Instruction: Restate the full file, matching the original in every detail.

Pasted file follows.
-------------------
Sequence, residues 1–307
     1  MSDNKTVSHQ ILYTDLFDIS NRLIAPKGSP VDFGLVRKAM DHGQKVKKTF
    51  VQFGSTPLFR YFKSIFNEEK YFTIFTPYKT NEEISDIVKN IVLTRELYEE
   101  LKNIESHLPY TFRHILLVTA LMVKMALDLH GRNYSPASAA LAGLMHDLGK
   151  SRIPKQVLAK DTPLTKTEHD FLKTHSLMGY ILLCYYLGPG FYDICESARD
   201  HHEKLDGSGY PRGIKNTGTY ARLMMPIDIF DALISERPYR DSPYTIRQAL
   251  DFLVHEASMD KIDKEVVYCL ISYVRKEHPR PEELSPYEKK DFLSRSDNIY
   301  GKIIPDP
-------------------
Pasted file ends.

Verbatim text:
Sequence, residues 1–307
     1  MSDNKTVSHQ ILYTDLFDIS NRLIAPKGSP VDFGLVRKAM DHGQKVKKTF
    51  VQFGSTPLFR YFKSIFNEEK YFTIFTPYKT NEEISDIVKN IVLTRELYEE
   101  LKNIESHLPY TFRHILLVTA LMVKMALDLH GRNYSPASAA LAGLMHDLGK
   151  SRIPKQVLAK DTPLTKTEHD FLKTHSLMGY ILLCYYLGPG FYDICESARD
   201  HHEKLDGSGY PRGIKNTGTY ARLMMPIDIF DALISERPYR DSPYTIRQAL
   251  DFLVHEASMD KIDKEVVYCL ISYVRKEHPR PEELSPYEKK DFLSRSDNIY
   301  GKIIPDP